No. 06-6527 Baymon v. State Farm both the investigation and in denying the claim; (8) State Farm violated the Kentucky Unfair Settlement Practices Act by failing to investigate the claim in good faith; and (9) State Farm violated the Kentucky Consumer Protection Act by failing to deal with their claim in good faith. Under Kentucky law, the rights of parties to an insurance policy are to be determined by the terms of the policy, unless contrary to existing law or public policy. State Farm Mutual Ins. Co. v. Fireman's Fund American Ins. Co., 550 S.W.2d 554, 557 (Ky. 1997). It is undisputed that both James and Early Baymon made false statements to the State Farm representative on April 4, 2003, five days after the fire, in violation of clear policy language, as well as general ethical principles requiring truthfulness in such transactions. They denied being behind on their mortgage payments, and they denied knowing the home was set for foreclosure that very day. Statement of James Baymon at pp. 21, 36, 39, 65 (Apr. 4, 2003) (J.A. at 11-13, 108); Statement of Early Baymon at pp. 29, 35, 36 (J.A. at 121, 123-24). They both later admitted under oath to knowing that the statements made to Coppinger were false when they made them. James Baymon Examination Under Oath at pp. 45-47 (J.A. at 14-16); Lorrene Early Baymon Examination Under Oath at pp. 15, 59, 61 (J.A. at 96, 102-04). They clearly "intentionally concealed or misrepresented [a] material fact or circumstance relating to this insurance," thereby voiding the policy and relieving State Farm from paying the loss. In response, the Baymons argue that factual issues preclude summary judgment for State Farm. They argue that because the statements made to Coppinger on April 4 were not under oath they are not sufficient to void the policy. This argument is without merit. There is no requirement that misrepresentations must be made under oath. -5-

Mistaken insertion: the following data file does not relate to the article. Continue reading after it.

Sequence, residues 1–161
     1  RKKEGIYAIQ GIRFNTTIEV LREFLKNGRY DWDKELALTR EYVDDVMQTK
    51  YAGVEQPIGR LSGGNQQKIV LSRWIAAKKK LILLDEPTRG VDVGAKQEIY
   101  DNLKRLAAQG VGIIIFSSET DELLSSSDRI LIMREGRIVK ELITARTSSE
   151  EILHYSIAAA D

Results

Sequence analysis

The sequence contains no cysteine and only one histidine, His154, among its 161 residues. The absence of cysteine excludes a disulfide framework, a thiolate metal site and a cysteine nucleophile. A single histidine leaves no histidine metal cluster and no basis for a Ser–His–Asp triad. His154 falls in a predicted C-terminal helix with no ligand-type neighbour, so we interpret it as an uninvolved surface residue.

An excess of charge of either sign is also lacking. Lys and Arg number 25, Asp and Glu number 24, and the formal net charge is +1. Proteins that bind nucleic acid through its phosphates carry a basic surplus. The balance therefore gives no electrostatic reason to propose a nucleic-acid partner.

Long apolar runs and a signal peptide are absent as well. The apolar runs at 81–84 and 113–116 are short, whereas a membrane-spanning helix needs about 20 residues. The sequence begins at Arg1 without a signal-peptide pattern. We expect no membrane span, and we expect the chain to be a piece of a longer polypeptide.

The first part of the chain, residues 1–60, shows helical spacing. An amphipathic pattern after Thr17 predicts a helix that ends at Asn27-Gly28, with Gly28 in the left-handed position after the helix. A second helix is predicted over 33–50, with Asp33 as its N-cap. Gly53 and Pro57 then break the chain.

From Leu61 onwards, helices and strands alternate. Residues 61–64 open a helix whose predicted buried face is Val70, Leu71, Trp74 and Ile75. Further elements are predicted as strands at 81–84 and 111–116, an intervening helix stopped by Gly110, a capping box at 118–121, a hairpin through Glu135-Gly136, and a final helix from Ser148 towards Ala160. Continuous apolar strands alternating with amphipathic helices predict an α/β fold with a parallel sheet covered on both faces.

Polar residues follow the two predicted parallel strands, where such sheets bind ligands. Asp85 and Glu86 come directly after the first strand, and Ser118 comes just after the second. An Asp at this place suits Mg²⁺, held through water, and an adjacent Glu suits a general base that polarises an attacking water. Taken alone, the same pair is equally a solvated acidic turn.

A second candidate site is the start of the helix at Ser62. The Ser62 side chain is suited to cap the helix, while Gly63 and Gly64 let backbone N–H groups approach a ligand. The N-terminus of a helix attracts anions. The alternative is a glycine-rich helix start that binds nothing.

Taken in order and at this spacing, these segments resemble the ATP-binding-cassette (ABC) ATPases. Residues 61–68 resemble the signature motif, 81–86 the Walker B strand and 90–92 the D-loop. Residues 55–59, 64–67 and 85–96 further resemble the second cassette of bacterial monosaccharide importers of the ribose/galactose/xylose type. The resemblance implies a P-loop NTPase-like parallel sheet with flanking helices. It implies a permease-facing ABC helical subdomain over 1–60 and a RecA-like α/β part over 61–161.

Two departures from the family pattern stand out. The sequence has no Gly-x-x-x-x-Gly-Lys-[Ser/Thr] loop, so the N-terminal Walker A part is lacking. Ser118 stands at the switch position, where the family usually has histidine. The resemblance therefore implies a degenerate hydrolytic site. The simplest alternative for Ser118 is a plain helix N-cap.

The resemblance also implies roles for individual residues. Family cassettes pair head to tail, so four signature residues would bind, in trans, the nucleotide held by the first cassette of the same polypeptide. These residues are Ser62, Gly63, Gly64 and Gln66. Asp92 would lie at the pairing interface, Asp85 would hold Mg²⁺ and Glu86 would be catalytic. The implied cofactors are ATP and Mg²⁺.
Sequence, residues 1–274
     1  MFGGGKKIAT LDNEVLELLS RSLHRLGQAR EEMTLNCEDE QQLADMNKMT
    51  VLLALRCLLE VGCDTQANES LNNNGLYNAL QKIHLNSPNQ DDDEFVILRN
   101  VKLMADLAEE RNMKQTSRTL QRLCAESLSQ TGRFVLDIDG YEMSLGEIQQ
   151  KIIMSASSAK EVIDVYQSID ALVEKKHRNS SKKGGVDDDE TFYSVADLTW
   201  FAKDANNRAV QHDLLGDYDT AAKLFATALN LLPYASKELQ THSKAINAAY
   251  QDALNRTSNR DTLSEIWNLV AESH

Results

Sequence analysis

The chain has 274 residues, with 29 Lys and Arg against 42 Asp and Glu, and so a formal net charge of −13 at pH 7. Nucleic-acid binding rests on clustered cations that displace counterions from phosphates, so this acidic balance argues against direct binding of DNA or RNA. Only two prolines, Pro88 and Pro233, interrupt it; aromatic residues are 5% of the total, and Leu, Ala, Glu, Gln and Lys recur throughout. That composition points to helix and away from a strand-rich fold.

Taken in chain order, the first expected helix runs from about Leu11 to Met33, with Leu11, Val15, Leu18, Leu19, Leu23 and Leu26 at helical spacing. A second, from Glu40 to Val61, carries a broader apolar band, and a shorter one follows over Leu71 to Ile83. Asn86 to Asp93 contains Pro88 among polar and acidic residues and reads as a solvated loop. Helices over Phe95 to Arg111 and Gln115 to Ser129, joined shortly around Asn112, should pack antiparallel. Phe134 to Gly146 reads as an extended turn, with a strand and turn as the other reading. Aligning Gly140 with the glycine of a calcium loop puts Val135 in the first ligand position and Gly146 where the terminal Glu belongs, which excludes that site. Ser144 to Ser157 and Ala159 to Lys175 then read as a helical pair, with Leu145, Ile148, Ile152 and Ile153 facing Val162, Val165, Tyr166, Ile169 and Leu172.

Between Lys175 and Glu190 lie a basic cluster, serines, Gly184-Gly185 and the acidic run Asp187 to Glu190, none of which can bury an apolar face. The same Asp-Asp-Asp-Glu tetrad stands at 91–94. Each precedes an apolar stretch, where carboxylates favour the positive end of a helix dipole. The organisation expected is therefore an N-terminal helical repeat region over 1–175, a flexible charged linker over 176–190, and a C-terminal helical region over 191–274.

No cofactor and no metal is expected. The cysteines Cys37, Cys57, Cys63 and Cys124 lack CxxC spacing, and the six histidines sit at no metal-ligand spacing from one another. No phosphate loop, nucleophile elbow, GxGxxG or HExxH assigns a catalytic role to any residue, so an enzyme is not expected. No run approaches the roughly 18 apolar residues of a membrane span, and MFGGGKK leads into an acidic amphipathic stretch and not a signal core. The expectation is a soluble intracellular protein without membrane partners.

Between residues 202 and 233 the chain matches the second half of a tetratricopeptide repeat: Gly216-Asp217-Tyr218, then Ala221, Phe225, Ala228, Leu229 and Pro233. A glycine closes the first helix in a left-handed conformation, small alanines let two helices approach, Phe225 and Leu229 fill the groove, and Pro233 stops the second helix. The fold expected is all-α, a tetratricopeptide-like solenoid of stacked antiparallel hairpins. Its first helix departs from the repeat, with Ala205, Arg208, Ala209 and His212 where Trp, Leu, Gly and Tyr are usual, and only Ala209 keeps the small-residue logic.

No. 06-6527 Baymon v. State Farm The Baymons contend that because the claims adjuster did not expressly ask James Baymon if a foreclosure action had been filed (when the adjuster in fact did know that a foreclosure action had been filed) we should conclude that the insurance company was trying to trick or trap the Baymons into giving false answers to the questions so it would not have to pay the claim. The adjuster asked him several times and in several different ways if the mortgage was current, if the Baymons were behind on house payments or if the Baymons had been sued or involved in any lawsuits. James Baymon replied that he was current with his mortgage and that he not ever been sued. Moreover, the adjuster did specifically ask Early Baymon if the property was in foreclosure, which she denied. She was also asked if there were any liens on the property or if she had ever been sued, to which she said no. The questions were designed to elicit information about the Baymons' financial condition and were straightforward, reasonable questions. There is no requirement that Mr. Baymon be directly asked if his house was in foreclosure. Despite the Baymons' challenges to the manner of questioning, there is no evidence that State Farm was trying to avoid paying the claim through deceit in the questioning process. It was the Baymons who engaged in deceitful conduct. The Baymons next contend that they did not know that giving false answers to the questions posed by State Farm could void their policy. They claim that Coppinger, the adjuster, should have told them that false answers could void their policy. A review of the transcript shows that Coppinger tried asking questions in a variety of different ways to ensure that the Baymons understood his questions. He used words like "are your house payments current" and "have you ever been sued" or "have you ever been involved in a lawsuit." The questions were easily understandable by anyone. -6-